The entertainment factor will be critical at CenterPoint, Swain said. About the project’s 50 to 60 potential retail and restaurant tenants, Swain likened it to the kind of mix seen at The Forum, the shopping center his firm developed and built in 1998.

“I’m looking for a business that has unique items that you don’t find in department stores, and the person that walks into the front door of my retailers say, ‘What’s the latest, what’s the greatest, what have you got that’s really different?’ not ‘What’s on sale?’” Swain said. “The customer that shops me doesn’t really need anything but wants to come in. Maybe they’re just going to browse; maybe they don’t buy anything but they get a warm and fuzzy feeling.

“I’m looking for warm and fuzzy feelings in my developments.”

As for what can create those, Swain said, “unique retailers. Restaurants – everybody loves a restaurant ... I want to go to a restaurant where maybe I can sit outside under an umbrella and have a glass of wine … I want to go over there just for the fun of it, and the people that live in my apartments will be that kind of person.”

The types of retailers Swain referred to are also often smaller than big-box stores.

“At The Forum, I’ve got mom-and- pops that are really good. I’ve got people that are in 1,500 to 3,000 square feet, and we’ve got the restaurants. That’s what I’m looking for. That’s what I’m going to put over there [in CenterPoint] … that doesn’t mean I’m not going to have some nationals.”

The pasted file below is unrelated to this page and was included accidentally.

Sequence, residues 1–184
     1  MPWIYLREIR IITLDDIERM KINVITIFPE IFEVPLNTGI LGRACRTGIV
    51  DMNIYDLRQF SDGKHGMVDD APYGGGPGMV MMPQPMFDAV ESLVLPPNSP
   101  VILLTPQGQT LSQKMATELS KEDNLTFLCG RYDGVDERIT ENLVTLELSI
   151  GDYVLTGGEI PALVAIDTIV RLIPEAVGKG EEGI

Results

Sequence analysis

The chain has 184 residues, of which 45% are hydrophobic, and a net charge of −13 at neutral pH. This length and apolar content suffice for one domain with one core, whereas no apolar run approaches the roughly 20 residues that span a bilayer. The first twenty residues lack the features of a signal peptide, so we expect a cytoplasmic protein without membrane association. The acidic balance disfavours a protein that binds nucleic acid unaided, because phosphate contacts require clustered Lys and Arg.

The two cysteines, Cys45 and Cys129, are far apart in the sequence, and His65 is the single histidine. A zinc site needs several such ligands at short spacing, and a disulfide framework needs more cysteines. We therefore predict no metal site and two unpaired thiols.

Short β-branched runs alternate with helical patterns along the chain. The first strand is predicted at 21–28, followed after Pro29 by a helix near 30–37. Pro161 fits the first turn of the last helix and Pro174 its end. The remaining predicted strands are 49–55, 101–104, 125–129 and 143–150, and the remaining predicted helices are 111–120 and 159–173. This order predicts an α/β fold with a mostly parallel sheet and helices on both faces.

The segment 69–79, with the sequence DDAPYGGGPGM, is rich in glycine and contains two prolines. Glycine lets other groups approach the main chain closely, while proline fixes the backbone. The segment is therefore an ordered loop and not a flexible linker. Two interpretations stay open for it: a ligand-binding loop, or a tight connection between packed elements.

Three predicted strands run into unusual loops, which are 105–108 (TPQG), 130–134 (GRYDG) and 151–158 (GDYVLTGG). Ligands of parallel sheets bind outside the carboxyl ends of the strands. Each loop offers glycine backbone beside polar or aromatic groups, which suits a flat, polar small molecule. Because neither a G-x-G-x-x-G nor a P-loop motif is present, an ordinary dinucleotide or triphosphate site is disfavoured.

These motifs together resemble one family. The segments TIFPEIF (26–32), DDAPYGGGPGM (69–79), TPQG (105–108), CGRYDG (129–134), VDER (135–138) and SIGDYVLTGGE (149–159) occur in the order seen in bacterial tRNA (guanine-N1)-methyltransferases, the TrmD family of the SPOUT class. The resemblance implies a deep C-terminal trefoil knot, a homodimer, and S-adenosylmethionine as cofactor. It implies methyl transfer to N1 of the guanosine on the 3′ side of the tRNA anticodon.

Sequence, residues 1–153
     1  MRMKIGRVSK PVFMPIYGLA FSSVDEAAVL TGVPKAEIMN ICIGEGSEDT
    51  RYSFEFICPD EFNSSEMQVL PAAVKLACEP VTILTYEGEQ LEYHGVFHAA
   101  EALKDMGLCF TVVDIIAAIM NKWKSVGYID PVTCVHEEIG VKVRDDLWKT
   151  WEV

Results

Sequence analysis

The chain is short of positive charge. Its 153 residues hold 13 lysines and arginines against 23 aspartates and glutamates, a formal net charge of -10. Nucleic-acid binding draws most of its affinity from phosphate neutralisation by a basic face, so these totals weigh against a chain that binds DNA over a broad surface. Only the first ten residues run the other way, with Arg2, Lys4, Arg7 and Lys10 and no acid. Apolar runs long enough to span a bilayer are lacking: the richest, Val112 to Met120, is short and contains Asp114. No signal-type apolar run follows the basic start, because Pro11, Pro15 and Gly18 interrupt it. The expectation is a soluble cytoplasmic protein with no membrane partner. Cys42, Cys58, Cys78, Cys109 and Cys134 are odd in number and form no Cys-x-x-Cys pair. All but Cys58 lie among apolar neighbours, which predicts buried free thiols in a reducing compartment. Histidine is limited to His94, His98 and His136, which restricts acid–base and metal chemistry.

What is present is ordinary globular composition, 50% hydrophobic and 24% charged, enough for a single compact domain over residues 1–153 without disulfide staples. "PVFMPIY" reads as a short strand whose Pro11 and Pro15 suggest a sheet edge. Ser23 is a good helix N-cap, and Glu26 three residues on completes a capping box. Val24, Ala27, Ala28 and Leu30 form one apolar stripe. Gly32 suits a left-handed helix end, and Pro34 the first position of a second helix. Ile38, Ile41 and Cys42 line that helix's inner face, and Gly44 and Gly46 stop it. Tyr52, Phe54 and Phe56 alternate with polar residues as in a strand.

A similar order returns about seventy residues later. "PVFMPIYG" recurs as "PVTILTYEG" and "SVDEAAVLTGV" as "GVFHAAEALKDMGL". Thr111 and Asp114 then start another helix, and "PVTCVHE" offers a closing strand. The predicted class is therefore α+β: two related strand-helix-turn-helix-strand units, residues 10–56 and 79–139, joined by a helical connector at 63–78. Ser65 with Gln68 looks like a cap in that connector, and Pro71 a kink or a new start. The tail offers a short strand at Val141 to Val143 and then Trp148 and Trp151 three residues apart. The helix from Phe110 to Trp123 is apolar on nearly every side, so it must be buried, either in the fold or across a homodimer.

At the Pointe at Barclay, a movie theater-anchored dining and entertainment complex at South 17th Street and Independence Boulevard in midtown Wilmington, the tenants are seemingly “internet-proof,” said Hill Rogers, broker in charge of Cameron Management, which along with Charlotte retail firm Collett, is developing the center.

“I think retail in general is all in a pullback mode everywhere,” Rogers said. “There’s always room for the right great operator, but everybody wants to make their footprint as efficient as possible and reduce their square footage.”

There are also some retailers that have locations in other North Carolina cities that might consider the Port City now or in the future, said Steve Mitchell, commercial real estate broker with Coldwell Banker Commercial Sun Coast.

“Wilmington is a tertiary market so there are retailers that have come to Raleigh and other major areas – Charlotte, maybe even Winston-Salem and Greensboro – that haven’t quite made it here yet, so there’s some opportunities there,” Mitchell said.

Tracy Meyer, professor in the marketing department at University of North Carolina Wilmington’s Cameron School of Business, said some retailers are expanding, including brands not currently operating here.

“They’d be great new additions in a retail complex in Wilmington, something fresh and different and exciting,” she said. “You can be successful in retail at the brick-and-mortar level; I think it’s just a matter of finding those companies that are growing and they’re doing something a little different and it works.”